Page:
11.08.2008

Book Review: The Sharper Your Knife, The Less You Cry

I love a good adventure story. I love putting myself into the shoes of the protagonist - filleting fish, breaking sauces and struggling with the local lingo...

What kind of adventure story is this you ask?

It a tale of a American gal in London who, finding herself without a viable means of support, runs off to Paris to attend the Cordon Blue cooking school. There is love, intrigue, passion, pain, suffering, great food and best of all - its a true story .

Yup - It's for real! Kathleen Harris takes the reader along for the ride as her story unfolds in The Sharper Your Knife the Less You Cry: Love, Laughter, and Tears in Paris at the World’s Most Famous Cooking School (Penguin Books).

After my last book review experience, I was a little reluctant to plunge into another book - even if this was a autobiography, one of my favorite things in the whole world. So consequently, the paperback sat on my nightstand for about two months before I worked up the nerve to dive in.

I am really sorry I waited that long. Kathleen has a nice clean writing style. Her story moves along without getting bogged down in self-pity or false modesty. I love the way she talks about her fellow students, her professors and the shopkeepers she meets during her tenure in Paris. My envy was aroused by her descriptions shopping for food in Paris - the wine shop near on of her apartments where the owner chats with her and makes recommendations to go with her dinners, the bakeries where she picked up fresh bread every day and the other small shops that clustered along a street close to her house.

However, her description of the Parisian branch of the Cordon Blue made me quake in my shoes. The description of her struggles with puff pastry was enough to give me a case of the nerves. I think if you plan on attending culinary school, you should read this book first. True - you may not have to master French to attend the school of your choice - however, the books gives you a very good look at the types of curriculum that you would be following. Personally, I know that I would crap out during the sauces - my Hollandaise usually breaks.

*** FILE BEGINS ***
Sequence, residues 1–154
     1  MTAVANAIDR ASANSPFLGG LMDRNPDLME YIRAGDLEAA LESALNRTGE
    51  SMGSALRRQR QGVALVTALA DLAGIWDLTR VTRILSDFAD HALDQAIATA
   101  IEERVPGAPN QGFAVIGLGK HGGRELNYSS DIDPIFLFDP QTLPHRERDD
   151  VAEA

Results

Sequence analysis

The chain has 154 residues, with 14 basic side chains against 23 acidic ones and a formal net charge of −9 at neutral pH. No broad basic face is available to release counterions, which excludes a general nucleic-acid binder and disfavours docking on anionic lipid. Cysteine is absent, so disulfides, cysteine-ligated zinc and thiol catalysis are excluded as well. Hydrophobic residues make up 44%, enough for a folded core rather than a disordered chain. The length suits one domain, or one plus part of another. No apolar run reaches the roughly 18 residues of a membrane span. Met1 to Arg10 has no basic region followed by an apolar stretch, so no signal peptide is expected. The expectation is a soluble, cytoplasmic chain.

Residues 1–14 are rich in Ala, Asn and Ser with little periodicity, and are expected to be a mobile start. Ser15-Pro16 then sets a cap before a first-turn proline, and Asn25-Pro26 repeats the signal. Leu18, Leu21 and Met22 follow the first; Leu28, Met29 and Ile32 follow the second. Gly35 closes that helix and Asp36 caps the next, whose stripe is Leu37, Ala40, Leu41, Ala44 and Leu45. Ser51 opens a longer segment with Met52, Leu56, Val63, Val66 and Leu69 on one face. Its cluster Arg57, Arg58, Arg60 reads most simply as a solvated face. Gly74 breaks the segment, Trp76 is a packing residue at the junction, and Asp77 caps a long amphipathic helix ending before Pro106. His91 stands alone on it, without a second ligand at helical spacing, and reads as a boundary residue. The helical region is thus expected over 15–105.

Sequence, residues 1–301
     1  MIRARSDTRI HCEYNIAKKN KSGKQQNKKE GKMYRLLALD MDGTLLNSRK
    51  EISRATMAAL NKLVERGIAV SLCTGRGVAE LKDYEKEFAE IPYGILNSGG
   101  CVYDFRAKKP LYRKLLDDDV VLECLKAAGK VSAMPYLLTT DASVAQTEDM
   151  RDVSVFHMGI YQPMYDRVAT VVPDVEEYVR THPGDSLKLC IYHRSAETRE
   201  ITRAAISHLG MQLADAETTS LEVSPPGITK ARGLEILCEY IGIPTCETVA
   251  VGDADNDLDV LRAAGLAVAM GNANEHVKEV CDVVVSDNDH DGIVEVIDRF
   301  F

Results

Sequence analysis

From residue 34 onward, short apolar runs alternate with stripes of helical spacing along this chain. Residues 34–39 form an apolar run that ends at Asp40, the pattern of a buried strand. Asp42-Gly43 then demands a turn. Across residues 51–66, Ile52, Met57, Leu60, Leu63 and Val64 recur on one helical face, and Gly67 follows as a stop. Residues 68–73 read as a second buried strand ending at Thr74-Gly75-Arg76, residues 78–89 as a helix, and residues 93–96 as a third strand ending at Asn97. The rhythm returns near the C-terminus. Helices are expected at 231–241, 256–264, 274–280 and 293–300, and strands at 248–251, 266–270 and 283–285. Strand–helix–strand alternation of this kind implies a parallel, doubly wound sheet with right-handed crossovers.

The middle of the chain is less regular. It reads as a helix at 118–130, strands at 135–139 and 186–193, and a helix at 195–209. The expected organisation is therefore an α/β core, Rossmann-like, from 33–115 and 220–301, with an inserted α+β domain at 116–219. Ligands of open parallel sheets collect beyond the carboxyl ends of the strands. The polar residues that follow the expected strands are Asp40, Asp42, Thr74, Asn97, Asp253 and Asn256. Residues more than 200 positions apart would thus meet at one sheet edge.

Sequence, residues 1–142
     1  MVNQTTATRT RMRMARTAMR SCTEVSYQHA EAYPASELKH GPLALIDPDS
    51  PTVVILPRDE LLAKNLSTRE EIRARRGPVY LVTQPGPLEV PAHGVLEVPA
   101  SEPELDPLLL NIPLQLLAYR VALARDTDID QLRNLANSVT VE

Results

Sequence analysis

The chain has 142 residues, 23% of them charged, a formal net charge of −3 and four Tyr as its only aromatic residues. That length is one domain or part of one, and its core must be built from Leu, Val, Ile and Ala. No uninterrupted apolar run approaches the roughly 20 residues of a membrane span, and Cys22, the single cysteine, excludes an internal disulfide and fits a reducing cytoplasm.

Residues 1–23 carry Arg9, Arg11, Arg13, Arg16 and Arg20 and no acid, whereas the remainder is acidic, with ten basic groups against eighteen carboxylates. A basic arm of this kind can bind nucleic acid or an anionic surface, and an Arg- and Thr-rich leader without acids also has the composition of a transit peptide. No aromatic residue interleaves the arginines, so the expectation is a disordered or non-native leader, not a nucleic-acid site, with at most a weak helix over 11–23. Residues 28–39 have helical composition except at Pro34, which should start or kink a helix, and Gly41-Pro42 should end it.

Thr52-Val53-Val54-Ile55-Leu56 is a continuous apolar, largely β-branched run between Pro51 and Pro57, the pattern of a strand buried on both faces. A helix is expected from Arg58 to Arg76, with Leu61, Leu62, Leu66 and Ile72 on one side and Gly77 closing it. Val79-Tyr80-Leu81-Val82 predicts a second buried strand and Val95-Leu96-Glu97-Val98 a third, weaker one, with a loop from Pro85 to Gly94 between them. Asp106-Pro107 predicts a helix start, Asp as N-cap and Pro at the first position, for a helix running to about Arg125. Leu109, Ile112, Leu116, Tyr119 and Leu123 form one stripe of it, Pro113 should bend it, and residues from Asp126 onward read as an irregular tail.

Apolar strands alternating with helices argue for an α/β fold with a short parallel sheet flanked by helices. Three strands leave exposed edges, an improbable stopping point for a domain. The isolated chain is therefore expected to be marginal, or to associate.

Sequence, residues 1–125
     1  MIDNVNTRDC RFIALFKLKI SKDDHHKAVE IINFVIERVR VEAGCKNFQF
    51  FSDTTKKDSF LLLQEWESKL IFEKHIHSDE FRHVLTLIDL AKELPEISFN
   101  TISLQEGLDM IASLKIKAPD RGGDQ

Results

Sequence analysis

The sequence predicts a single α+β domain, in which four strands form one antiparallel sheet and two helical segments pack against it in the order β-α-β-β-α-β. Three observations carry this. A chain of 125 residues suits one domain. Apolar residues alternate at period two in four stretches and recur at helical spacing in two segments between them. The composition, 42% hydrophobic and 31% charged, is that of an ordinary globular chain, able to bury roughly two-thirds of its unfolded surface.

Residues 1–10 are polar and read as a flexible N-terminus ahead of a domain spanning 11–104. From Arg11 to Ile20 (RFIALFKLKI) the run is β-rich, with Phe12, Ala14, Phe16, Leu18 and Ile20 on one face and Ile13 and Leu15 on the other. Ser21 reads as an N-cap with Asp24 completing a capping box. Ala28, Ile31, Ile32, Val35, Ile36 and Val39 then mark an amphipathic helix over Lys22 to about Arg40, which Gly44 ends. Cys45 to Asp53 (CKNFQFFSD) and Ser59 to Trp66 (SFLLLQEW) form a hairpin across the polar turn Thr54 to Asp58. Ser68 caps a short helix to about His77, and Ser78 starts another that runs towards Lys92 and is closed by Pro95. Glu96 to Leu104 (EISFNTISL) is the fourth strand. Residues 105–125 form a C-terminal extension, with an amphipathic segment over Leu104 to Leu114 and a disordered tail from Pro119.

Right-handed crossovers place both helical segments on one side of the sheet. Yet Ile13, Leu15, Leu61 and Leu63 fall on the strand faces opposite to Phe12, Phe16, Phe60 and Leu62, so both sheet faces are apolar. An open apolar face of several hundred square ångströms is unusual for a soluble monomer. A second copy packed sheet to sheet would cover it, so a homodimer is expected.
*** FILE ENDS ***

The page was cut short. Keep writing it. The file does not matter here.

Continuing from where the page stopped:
And just in case you like interactive storytelling, Kathleen also includes recipes, so you can eat along with the story. I personally would like to try the rabbit in mustard sauce since I recently located a source for fresh rabbit.

So my recommendation is to grab a copy of The Sharper Your Knife the Less You Cry. It will make a good read while you are curled up on the couch this winter drinking you hot tea and dreaming of your own personal rebirth.

5 comments:

hungrywoolf said...

I read that book over the summer and enjoyed it. Have you read 'alone in the kitchen with an eggplant'? That was my favorite recent food-related read.

Rosie said...

No - though the thought of being alone in any room with an eggplant sounds intriguing. I will have to put in on top of the 6 foot tall pile of books next to my bed.

hungrywoolf said...

I know that feeling. The nice thing about it, is that because it is all separate short stories, you can pick it up/ leave it for later and not worry about forgetting who the characters are or what the hell is going on. You don't have to commit to it like a novel ;-) Also by getting an insight into other people's food idiosyncracies it makes you feel less weird about your secret solitary food habits!
http://www.restaurantwidow.com/2007/07/book-reviewalon.html

Rosie said...

I should feel less weird about loving to eat teaspoons of molasses when no one is looking? Sign me up!

hungrywoolf said...

That's not weird at all, in my opinion. I do that too! and I justify it because Molasses is high in Iron. One tablespoon is 15% of the RDA -- forget liver and spinach. Molasses is delicious medicine :-)